2 Golf stimulates your brain

Have you ever missed that 1 meter putt at the end of your round and blamed it on concentration? Golf is a strategic game that requires a great deal of mental sharpness and coordination in order to end up on top.

By calculating that odd shot, considering all the variables that may affect the ball in the air or on the ground or even adding up your score, you are keeping your brain sharp. No matter how old (or young) you are, golf will always challenge your mind teaching you to stay calm and collected so as to make that birdie look smooth and simple.

In addition, an abundant supply of fresh air will help you to keep cool under pressure when deciding the best strategy for your next shot.

3 Golf helps you reduce your stress levels

You’ve had a tough week at work and that project you’ve been working on for months needs to be presented on Monday morning.  You call your golf partner, tee off early on Saturday morning and let those endorphins start kicking in! That’s what golf is all about.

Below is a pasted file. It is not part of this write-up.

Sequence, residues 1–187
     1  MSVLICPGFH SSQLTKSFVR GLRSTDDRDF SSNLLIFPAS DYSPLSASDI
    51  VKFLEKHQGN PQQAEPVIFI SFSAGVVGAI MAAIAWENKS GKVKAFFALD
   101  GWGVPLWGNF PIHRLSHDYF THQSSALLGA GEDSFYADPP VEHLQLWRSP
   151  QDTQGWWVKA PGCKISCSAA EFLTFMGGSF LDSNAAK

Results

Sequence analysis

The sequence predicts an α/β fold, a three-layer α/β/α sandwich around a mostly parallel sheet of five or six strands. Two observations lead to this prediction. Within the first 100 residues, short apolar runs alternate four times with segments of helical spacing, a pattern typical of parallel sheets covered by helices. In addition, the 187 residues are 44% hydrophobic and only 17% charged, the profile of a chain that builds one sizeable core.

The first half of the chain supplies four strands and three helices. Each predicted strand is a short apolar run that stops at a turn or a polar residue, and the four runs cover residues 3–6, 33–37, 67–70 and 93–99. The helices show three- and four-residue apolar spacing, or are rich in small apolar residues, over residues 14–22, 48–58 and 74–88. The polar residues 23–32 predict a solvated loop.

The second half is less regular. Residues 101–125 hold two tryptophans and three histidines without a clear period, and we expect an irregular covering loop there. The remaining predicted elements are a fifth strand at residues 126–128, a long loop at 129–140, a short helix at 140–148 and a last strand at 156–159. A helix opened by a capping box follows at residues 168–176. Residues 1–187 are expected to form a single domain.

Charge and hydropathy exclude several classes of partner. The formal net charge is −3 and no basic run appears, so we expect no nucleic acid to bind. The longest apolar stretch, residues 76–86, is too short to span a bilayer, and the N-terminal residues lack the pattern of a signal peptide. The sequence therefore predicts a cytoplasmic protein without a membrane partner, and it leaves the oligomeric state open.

Just taking that stroll out into the open green field, breathing in the fresh air and enjoying a bit of sun can really stimulate your body to produce endorphins, the feel good hormones that will boost your mood naturally in a way no anti-depressant ever could.

Being away from the usual stresses of modern life such as mobile phones can really help you relax and reduce your stress levels.

4 Golf is a social and family sport